The European Commission announced today a partial withdrawal of trade concessions to Cambodia under its preferential trade arrangement, Everything But Arms (EBA). The decision came after a long period of ‘enhanced dialogue’ initiated by the EU in order to pressure the Cambodian government to stop persecuting opposition leaders and to roll back other authoritarian measures.
Cambodia ranks in the lowest category of the ITUC Global Rights Index and contributes significantly to the global race to the bottom on labour protections. Following years of trade union campaigning, and the imminent threat of EBA withdrawal, a recent reform of the country’s Law on Trade Unions still failed to address key demands to bring the law into conformity with the ILO standards and to protect freedom of association and the right to organise. The government has continued to file charges against trade union leaders and organising or joining a union in garment factories and other sectors is becoming increasingly difficult and dangerous. Anti-union discrimination is rampant.
With Cambodia being a major beneficiary under the EBA, the partial withdrawal is a test for Europe’s trade policy and its impact on human rights. The ETUC and ITUC welcome the EU decision to withdraw trade preferences to Cambodia.
Sharan Burrow, ITUC General Secretary, said: ‘The Cambodian government is fully responsible for the withdrawal of benefits and we regret its lack of commitment to Cambodia’s working people. The government and companies doing business in the country must finally listen to the concerns of workers and act to ensure that freedom of association and the right to collective bargaining are fully respected. The trade benefits should only be restored once the government changes its course on democracy and labour rights. The EU should increase pressure on Hun Sen’s government in order to promote sound labour protection and stop prosecutions of trade unionists.”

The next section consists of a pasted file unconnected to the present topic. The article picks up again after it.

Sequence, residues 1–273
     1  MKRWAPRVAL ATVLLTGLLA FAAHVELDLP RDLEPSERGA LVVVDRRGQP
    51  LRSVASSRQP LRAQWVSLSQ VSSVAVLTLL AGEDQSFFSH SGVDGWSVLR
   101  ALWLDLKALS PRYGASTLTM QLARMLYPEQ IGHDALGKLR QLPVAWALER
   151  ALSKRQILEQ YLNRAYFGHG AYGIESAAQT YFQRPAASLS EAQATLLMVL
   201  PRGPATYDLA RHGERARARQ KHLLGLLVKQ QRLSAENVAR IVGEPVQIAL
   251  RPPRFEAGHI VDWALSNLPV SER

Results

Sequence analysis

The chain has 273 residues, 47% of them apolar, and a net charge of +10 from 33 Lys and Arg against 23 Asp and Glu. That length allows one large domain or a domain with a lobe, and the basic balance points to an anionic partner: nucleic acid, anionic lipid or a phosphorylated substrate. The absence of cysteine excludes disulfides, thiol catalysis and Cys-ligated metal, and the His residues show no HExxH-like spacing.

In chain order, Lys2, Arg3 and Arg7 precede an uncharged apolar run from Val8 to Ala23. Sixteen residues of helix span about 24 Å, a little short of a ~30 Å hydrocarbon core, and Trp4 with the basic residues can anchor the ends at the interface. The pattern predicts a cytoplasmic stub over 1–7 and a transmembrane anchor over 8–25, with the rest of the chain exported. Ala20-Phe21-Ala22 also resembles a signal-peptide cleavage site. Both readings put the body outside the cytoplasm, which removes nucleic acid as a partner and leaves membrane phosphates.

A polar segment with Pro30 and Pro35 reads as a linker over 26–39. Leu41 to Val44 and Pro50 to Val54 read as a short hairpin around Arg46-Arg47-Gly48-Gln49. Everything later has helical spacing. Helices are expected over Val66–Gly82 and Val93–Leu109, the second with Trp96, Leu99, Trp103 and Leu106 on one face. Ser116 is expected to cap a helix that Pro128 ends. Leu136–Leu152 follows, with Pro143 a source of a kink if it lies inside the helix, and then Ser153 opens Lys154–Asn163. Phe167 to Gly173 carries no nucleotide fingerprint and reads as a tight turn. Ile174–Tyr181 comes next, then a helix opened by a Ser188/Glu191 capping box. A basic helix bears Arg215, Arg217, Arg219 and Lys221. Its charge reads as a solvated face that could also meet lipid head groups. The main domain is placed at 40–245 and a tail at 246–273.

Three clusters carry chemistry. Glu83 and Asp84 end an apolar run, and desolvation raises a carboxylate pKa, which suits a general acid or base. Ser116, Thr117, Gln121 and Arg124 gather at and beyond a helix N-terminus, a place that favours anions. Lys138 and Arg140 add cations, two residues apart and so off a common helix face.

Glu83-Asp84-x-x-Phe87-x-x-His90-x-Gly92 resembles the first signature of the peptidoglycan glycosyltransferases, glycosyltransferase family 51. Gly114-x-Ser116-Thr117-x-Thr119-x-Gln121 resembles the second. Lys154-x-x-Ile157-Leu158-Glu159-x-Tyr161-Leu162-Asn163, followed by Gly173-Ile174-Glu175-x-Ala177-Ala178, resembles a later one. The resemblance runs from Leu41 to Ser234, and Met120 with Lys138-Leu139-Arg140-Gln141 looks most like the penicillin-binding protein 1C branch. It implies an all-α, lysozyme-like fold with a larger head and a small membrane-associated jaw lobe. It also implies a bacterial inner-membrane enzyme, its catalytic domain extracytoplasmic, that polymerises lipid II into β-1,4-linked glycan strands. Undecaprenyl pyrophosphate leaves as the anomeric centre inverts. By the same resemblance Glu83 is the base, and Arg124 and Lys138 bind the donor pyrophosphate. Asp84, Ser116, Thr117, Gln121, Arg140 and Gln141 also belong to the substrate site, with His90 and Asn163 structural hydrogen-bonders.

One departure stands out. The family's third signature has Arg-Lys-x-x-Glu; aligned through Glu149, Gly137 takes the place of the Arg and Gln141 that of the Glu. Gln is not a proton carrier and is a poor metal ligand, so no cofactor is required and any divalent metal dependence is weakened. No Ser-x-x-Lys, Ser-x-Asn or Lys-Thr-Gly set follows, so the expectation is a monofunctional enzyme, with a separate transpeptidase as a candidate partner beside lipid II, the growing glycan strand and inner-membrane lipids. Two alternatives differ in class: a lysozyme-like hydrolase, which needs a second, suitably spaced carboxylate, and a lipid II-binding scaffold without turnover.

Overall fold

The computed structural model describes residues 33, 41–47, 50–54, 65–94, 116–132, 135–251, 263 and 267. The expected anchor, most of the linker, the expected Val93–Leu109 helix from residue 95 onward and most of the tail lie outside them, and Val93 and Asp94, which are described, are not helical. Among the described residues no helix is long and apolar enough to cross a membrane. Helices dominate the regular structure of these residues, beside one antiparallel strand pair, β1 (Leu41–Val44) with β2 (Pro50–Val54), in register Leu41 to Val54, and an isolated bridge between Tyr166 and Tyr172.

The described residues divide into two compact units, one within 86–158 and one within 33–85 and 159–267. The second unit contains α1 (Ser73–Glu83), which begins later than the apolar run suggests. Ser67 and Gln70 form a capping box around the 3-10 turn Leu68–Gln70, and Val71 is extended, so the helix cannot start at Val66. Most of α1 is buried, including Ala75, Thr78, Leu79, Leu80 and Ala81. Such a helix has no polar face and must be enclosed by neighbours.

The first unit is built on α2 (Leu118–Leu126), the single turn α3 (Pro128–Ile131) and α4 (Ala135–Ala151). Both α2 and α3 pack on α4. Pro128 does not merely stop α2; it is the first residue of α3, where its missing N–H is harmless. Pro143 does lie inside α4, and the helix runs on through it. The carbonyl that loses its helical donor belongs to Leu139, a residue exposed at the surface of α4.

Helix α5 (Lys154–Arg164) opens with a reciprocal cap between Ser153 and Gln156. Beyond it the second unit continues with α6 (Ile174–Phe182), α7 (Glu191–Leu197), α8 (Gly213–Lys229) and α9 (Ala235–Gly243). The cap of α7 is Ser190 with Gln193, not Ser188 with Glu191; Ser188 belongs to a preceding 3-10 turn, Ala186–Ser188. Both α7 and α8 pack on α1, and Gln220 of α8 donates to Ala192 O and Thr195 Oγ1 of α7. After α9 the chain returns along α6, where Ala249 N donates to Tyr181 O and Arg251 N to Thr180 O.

Luca Visentini, ETUC General Secretary, said: “We support the decision of the European Commission to lift trade preferences for Cambodia. We have always advocated a strong EU stance on the international stage to respect labour rights. EU trade preferences should only be given to third countries with strict conditions on the respect for labour rights. This is the basis for fair globalisation”